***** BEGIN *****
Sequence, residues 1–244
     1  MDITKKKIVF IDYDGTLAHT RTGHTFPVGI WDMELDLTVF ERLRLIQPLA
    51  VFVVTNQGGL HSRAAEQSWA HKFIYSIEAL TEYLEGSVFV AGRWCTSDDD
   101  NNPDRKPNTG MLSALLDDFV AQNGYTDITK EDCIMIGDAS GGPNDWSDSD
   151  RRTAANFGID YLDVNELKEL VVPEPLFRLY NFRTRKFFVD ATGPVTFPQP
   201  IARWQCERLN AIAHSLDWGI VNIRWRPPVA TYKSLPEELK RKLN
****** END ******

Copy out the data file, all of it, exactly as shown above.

Sequence, residues 1–244
     1  MDITKKKIVF IDYDGTLAHT RTGHTFPVGI WDMELDLTVF ERLRLIQPLA
    51  VFVVTNQGGL HSRAAEQSWA HKFIYSIEAL TEYLEGSVFV AGRWCTSDDD
   101  NNPDRKPNTG MLSALLDDFV AQNGYTDITK EDCIMIGDAS GGPNDWSDSD
   151  RRTAANFGID YLDVNELKEL VVPEPLFRLY NFRTRKFFVD ATGPVTFPQP
   201  IARWQCERLN AIAHSLDWGI VNIRWRPPVA TYKSLPEELK RKLN